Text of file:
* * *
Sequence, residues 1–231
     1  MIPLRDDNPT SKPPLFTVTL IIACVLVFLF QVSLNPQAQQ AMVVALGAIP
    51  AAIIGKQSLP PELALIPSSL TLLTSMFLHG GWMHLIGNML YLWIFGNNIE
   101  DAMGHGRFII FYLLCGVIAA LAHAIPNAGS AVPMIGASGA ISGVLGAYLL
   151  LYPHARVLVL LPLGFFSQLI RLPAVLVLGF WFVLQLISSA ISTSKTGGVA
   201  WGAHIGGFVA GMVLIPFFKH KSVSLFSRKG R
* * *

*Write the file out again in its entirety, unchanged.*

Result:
Sequence, residues 1–231
     1  MIPLRDDNPT SKPPLFTVTL IIACVLVFLF QVSLNPQAQQ AMVVALGAIP
    51  AAIIGKQSLP PELALIPSSL TLLTSMFLHG GWMHLIGNML YLWIFGNNIE
   101  DAMGHGRFII FYLLCGVIAA LAHAIPNAGS AVPMIGASGA ISGVLGAYLL
   151  LYPHARVLVL LPLGFFSQLI RLPAVLVLGF WFVLQLISSA ISTSKTGGVA
   201  WGAHIGGFVA GMVLIPFFKH KSVSLFSRKG R